This is a do-everything pizza oven that’s great for everything from throwing a wood-fired pizza party involving large family-size pies, to a quick pizza night during the week, with pizzas ready in minutes when you cook with gas.
That being said, you may not need an oven that’s quite this large and want something a little more portable, or may prefer a single fuel source, so here are not just the details of the Ooni Karu 16, but also some other excellent pizza ovens to consider!
The best outdoor pizza ovens
Ooni Karu 16 Multi-Fuel Pizza Oven
- Fuel source: multi-fuel (wood, propane or natural gas)
- Cost: $799 (wood only) or $1019 (with peel and gas burner)
- Dimensions: 33 x 32 x 20″
- Weight: 63.6lb
- Maximum pizza diameter: 16 inch (or multiple personal-size pizzas at once)
- Best for: A do-everything, permanently placed backyard pizza oven, great for everything from weeknight meals to large pizza parties.
To learn more about this pizza oven and how to use it, read our Ooni Karu 16 review next.
All Ooni pizza ovens come with a super high-end build quality and design, and the Karu 16, Ooni’s top-of-the-range pizza oven has all the space and features you could want to cook multiple pizzas at once, or individual pizzas up to 16 inches in diameter.
With the gas attachment it’s easy to turn on, use, and clean up after use. Switch out the gas attachment for making wood fired pizza.
Other wood and gas Ooni pizza ovens to consider
If the Karu 16 is larger or heavier than you need or your outdoor space allows (or simply you’re on a smaller budget), also consider:
- The Karu 12 ($299), which offers similar features and cooks pizzas up to 12″ (albeit without the integrated thermometer display and glass door), or
- The Karu 12G ($429), which has upgraded features that are similar to the Karu 16, such as the glass door.
If you’re attracted by the style and build quality of Ooni pizza ovens, but have your heart set on only using gas or wood to fuel your oven, also check out the rest of the Ooni range, including the Ooni Koda 12 & 16 (gas-fueled) and Ooni Fyra 12 (wood-fired).
- Fuel source: Gas, with optional wood burner
- Cost: $499 (gas only) or $599 (with add-on wood burner)
- Dimensions: 16.3 x 21 x 18.6″
- Weight: 44lb
- Maximum pizza diameter: 12 inch
- Best for: If cooking on gas is your priority, and you want a designer-looking oven that’s available in a range of colors.
Built-in thermometer, comes with a pizza peel and a silicone outer layer (which is available in a choice of colors as well as black) is a nice touch as it doesn’t heat up as much as metal pizza oven parts.
Comes with a propane gas burner as standard, with the option to buy a wood-burner for an additional $100.
The Roccbox is very good value for money (especially as there’s an additional $100 off promotion at the time of publishing!), and a great choice if you prefer to cook with gas (and don’t need to add on optional wood burner). Plus, Gozney pizza ovens come with a 5 year warranty and no-hassle returns, if needed.
Solo Stove Pi Pizza Oven
- Fuel source: Wood only, or wood and gas
- Cost: Currently $399 (wood only) and $499 (wood and gas)
- Dimensions: 20.5 diameter x 15.1 high
- Weight: 30.5lb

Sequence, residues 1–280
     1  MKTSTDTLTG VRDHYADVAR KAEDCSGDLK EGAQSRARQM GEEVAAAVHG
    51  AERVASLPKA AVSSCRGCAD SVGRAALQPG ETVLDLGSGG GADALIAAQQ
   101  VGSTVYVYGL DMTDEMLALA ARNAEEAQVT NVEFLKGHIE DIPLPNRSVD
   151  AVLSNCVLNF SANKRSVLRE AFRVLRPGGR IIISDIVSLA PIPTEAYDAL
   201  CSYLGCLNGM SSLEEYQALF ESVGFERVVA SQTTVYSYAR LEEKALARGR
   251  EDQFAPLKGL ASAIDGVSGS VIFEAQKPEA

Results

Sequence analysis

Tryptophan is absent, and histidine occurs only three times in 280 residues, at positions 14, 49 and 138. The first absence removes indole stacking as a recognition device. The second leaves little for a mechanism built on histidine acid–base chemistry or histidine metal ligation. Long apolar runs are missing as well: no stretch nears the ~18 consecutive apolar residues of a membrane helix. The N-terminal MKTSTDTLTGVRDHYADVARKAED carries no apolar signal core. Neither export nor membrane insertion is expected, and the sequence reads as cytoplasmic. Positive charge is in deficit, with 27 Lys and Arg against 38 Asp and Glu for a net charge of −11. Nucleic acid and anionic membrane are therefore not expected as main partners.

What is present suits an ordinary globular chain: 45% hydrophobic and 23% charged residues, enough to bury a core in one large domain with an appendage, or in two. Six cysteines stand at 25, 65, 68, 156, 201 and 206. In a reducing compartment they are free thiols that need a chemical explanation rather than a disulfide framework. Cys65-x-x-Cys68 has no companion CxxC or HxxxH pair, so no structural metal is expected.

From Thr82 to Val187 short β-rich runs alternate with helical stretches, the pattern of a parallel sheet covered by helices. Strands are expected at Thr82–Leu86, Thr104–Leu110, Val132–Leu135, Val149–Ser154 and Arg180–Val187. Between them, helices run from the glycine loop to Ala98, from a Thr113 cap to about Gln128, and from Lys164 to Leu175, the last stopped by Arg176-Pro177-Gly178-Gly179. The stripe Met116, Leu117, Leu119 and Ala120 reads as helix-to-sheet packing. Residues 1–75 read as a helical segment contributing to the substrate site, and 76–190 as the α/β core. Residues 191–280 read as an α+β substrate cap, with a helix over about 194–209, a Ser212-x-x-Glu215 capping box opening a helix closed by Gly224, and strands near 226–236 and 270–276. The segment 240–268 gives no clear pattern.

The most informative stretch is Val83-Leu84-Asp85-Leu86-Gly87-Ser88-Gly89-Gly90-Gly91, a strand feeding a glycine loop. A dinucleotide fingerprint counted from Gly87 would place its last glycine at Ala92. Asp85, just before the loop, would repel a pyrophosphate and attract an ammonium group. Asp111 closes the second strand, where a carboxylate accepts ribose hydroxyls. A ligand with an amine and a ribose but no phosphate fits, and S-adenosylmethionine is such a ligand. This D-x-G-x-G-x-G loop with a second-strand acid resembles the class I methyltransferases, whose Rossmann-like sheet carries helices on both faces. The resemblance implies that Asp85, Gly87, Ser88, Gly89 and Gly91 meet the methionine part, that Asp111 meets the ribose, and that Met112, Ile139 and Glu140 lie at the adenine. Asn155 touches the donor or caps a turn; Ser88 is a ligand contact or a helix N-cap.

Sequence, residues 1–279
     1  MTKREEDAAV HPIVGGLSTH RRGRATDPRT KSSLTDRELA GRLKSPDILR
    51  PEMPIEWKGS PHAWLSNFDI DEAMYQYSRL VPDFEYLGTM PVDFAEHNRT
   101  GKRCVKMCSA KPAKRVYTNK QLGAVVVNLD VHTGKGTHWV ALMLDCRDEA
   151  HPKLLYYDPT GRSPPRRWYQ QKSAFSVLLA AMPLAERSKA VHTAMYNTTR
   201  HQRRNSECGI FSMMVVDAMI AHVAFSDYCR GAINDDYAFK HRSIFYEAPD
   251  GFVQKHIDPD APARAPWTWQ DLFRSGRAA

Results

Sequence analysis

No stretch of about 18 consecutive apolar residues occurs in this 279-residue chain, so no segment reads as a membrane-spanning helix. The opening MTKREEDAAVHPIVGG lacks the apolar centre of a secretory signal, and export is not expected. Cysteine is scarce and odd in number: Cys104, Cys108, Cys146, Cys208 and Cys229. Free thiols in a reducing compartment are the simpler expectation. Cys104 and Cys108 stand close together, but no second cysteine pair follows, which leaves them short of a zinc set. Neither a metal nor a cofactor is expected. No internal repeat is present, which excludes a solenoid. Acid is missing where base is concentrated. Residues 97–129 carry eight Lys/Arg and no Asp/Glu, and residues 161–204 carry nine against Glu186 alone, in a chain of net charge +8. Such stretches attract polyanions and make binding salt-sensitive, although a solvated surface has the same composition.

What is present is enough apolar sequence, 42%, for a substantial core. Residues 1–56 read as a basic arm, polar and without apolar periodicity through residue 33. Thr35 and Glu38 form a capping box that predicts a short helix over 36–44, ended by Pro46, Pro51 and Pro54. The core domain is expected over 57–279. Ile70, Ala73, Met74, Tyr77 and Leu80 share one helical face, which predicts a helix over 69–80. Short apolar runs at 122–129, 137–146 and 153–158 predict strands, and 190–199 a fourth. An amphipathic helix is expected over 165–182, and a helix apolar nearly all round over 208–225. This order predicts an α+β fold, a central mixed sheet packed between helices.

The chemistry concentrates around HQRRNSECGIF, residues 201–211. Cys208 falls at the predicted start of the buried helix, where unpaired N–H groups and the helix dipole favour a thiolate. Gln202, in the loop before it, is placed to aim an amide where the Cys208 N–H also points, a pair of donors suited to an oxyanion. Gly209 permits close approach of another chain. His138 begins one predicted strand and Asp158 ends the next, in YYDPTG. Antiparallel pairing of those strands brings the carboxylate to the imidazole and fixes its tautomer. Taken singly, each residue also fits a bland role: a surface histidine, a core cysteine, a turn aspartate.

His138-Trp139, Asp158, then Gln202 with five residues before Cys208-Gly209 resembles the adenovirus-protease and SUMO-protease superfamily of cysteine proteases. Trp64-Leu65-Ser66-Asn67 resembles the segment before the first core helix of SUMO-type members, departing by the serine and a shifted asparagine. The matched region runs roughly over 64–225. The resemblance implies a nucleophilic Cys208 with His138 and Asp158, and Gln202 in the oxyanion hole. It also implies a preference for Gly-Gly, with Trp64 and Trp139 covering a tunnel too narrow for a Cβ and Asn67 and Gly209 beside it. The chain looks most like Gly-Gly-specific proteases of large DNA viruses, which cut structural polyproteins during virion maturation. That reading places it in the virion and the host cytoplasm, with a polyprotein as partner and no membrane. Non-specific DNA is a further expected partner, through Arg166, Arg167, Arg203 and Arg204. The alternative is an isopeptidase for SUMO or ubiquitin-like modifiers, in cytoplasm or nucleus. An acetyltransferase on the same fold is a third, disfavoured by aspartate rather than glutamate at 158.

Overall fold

- Maximum pizza diameter: 12 inch
- Best for: When you want an easy to use, good looking pizza oven for your backyard pizza nights.
To learn more about this outdoor pizza oven and how to use it, read our Solo Stove Pi Pizza Oven review next.
The Pi pizza oven from Solo Stove allows you to easily switch between gas or wood-burning by switching out the burner at the back, and has a large, wide opening that makes it easy to turn and launch your pizza creations.
This is one good-looking, relatively light pizza oven, considering its size, and that’s partly down to the shell being mostly made from stainless steel, which also makes it (in my opinion) one of the best-looking pizza ovens on the market.
Like their popular Solo Stove smokeless firepits, the company sells their pizza ovens with some great accessory bundles, including stands, peels and storage covers, making it easy for you to buy a complete pizza-making package.
- Fuel source: dual fuel or wood only
- Cost: $1,999 for dual fuel, including cover and peel $1,699 for wood only
- Dimensions: 26 x 24.8 x 28.8 inches
- Weight: 128lb
- Maximum pizza diameter: 16 inch
- Best for: You’re a true foodie and want the best there is from your pizza oven – which will be cooking much more than just pizzas and be a permanent fixture of your backyard for many years to come!
The Gozney Dome is a professional-grade outdoor oven built to a commercial standard with a ceramic-coated steel dome that sits on the oven’s main base, and a super thick stone base that is excellent at retaining the heat, whether you’re backing backyard pizzas, or getting creative with other meals such as slow-roasting mains or baking desserts.
Take a look at the meal examples on Gozney’s website for a small sample of the foods and meals you can cook in this versatile outdoor oven, as well as their range of innovative accessories which will help you get even more creative with your backyard feasts!
Like the Ooni Karu 16, it has a built in digital thermometer and is available in either a wood-only fuel source or as a dual fuel oven.
For the dual fuel, when you order you can also choose between natural gas or propane as a source.
Bertello Outdoor Pizza Oven
- Fuel source: Wood and gas (either, or both at the same time!)
- Cost: $440 for a complete bundle with accessories
- Dimensions: 22 x 14 x 10 inches